September 19, 2010 / 5:34 AM / 8 years ago

China won't repeat Japan's FX error: central bank adviser

BEIJING (Reuters) - China will not repeat Japan’s mistake of the 1980s and let its exchange rate surge in response to foreign pressure, Li Daokui, an adviser to the People’s Bank of China, said on Sunday.

Li, an economics professor at Tsinghua University in Beijing, said arm-twisting from abroad over the yuan was only beginning.

“External pressure for China to appreciate the yuan is going to increase in the next several years,” Li told a forum.

But he said the exchange rate was only one of many tools China could deploy to adjust the structure of its economy and reduce its external payments surplus. For instance, as a large country, China’s scope to boost domestic demand was vast.

“So it is no longer necessary for China to achieve trade balance only by appreciating the yuan. We can also improve our trade structure by increasing imports, which is what we are doing now,” Li told Reuters on the sidelines of the conference.

As a percentage of GDP, China’s current account surplus this year is likely to be less than half the 11 percent peak it reached in 2007.

Li, a member of the central bank’s monetary policy committee, said the economic circumstances in China today were different from those in Japan in 1985.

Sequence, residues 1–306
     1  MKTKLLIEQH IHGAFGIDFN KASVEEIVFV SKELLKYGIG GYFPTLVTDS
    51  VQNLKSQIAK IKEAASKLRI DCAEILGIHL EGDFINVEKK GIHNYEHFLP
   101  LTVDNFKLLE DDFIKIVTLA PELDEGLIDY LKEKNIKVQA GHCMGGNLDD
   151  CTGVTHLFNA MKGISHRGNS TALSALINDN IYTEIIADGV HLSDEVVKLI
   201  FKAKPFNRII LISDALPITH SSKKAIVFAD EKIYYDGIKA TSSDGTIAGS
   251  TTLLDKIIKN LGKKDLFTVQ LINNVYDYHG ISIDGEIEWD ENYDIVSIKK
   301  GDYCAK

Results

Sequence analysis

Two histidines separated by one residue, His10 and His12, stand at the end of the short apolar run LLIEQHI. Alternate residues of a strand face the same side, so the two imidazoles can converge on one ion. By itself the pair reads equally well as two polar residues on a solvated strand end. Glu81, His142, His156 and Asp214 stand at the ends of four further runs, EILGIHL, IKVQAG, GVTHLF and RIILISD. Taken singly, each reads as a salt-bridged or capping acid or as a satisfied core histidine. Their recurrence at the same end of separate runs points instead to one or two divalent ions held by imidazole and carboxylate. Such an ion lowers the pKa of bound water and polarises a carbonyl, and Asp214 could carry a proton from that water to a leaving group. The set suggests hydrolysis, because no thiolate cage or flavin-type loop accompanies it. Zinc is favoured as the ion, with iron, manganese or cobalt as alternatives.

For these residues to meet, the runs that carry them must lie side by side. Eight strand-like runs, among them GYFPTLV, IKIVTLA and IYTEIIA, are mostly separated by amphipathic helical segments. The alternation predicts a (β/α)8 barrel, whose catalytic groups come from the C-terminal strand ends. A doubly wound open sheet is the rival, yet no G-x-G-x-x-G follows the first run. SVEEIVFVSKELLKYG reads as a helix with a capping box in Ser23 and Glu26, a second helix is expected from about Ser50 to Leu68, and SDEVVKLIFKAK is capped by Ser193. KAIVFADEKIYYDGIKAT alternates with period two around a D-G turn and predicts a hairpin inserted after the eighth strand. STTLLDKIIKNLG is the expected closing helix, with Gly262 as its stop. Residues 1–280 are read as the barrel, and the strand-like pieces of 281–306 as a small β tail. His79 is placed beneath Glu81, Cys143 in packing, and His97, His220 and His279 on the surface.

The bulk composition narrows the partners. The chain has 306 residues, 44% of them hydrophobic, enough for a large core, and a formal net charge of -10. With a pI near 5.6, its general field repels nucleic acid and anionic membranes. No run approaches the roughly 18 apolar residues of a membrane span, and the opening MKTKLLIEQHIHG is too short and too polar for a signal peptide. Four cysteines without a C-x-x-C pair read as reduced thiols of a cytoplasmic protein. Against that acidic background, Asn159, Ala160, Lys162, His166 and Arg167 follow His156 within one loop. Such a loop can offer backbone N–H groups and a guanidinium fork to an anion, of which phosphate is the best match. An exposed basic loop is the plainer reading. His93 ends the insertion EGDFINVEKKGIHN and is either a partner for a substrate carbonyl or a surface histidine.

The yen rose sharply after Japan and other leading economies sealed the Plaza Accord in 1985 to bring about an orderly decline in the dollar to reduce a bulging U.S. current account deficit.

As money poured into Japan to chase the yen higher, loose monetary policy inflated an asset price bubble that burst at the start of the 1990s, ushering in two decades of economic stagnation and a battle against deflation that is still not won.

Policymakers and researchers in China are acutely aware of Japan’s experience.

“China will not go down the path Japan took and give in to foreign pressure on the issue of the yuan’s exchange rate,” Li said.

He urged U.S. lawmakers, who are considering legislation to punish China for what they see as an unfairly cheap yuan, to stop pointing figures at Beijing over the exchange rate.

“The U.S. should pay much more attention to its own problems. What has the U.S. done while we have been reducing our trade surplus?” Li said.

Reporting by Aileen Wang and Alan Wheatley; Editing by Alex Richardson

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